What’s the RRF Replenishment Act?
by David Klemt
The ENTREE Act isn’t the only bill seeking to replenish the Restaurant Revitalization Fund. In fact, a bipartisan bill predates the ENTREE Act by a month.
So, what’s the difference between that bill and the Restaurant Revitalization Fund Replenishment Act of 2021?
Let’s take a look.
Clearly, the biggest similarity between the two bills is the amount of money both are after.
Both the RRF Replenishment Act and ENTREE Act seek $60 billion.
As people familiar with the RRF will recall, the fund launched with $28.6 billion. Obviously, that was nowhere near enough funding to meet the demand for grants.
The RRF Replenishment Act was introduced in June by the same bipartisan group that first introduced the RRF. Sens. Kyrsten Sinema (D-AZ) and Roger Wicker (R-MS), and Reps. Earl Blumenauer (D-PA) and Brian Fitzpatrick (R-PA) introduced the bill on June 3.
Per a press release, nearly $50 billion in grant applications were left outstanding. The RRF application portal was closed just 21 days after launching.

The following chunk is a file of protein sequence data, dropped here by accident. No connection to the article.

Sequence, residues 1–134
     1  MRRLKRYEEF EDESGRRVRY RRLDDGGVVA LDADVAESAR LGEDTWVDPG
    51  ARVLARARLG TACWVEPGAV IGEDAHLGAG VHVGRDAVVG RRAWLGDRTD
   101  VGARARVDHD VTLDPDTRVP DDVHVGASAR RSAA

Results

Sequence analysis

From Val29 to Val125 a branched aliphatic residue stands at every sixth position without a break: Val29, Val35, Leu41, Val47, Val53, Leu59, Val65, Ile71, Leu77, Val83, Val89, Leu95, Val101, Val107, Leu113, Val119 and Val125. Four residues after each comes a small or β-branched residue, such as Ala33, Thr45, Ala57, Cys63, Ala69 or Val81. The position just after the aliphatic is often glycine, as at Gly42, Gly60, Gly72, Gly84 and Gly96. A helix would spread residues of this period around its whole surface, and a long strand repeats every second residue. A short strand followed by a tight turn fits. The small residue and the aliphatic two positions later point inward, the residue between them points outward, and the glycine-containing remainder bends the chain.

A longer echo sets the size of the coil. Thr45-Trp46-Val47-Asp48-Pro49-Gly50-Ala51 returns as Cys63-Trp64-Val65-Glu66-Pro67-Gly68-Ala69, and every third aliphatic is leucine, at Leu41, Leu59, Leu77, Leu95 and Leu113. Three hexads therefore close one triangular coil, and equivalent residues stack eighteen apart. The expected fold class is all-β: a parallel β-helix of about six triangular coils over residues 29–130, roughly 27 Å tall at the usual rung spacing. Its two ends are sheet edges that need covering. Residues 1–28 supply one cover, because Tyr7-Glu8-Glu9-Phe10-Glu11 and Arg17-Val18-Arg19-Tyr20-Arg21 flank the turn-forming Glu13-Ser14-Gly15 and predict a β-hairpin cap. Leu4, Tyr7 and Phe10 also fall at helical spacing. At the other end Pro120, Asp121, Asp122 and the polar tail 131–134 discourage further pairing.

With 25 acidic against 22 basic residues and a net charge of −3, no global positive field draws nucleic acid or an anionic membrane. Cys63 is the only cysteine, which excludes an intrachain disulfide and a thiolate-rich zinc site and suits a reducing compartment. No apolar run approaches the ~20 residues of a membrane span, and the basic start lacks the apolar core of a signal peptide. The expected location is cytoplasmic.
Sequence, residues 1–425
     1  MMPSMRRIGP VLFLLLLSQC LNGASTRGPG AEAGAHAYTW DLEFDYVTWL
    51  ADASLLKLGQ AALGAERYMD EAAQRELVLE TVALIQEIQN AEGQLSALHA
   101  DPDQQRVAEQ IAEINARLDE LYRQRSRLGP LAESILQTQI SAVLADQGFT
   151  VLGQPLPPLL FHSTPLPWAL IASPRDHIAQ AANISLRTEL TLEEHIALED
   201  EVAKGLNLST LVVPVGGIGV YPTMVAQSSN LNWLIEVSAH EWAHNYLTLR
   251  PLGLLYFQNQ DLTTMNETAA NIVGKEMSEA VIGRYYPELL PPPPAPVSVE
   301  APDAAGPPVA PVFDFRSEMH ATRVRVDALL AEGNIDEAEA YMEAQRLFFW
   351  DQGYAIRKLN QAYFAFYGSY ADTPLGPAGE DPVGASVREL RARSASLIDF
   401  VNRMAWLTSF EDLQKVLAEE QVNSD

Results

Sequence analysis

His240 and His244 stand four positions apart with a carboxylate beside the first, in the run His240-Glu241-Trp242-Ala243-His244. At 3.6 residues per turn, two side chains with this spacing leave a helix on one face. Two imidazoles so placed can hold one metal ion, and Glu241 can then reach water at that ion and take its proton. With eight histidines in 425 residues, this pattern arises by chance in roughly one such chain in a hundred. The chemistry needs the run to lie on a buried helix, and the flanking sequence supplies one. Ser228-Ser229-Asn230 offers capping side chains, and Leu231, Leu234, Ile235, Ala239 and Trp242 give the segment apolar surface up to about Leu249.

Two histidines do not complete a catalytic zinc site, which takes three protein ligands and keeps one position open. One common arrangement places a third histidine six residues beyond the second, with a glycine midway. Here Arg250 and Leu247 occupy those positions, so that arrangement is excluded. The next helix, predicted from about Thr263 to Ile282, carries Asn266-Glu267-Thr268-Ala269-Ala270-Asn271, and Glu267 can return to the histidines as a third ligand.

The biggest difference between the RRF Replenishment and ENTREE acts? Sourcing the $60 billion to replenish the RRF.
Per the text of the bill, the ENTREE Act would use unspent funds from the American Rescue Plan and Economic Injury Disaster Loans.
As for the RRF Replenishment Act, the funding would essentially come from “printing” an additional $60 billion.
Clearly, Americans will have differing opinions when it comes how the RRF is funded. However, using unspent, previously allocated funds does seem like a more logical approach.
So far, there’s no word on how these two bills may impact one another. There’s no news about the bills working in conjunction, just as there’s no news yet about a preference for one over the other.
With all eyes on the Senate and the progress of the infrastructure bill, we’re still awaiting answers on the RRF Replenishment and ENTREE acts.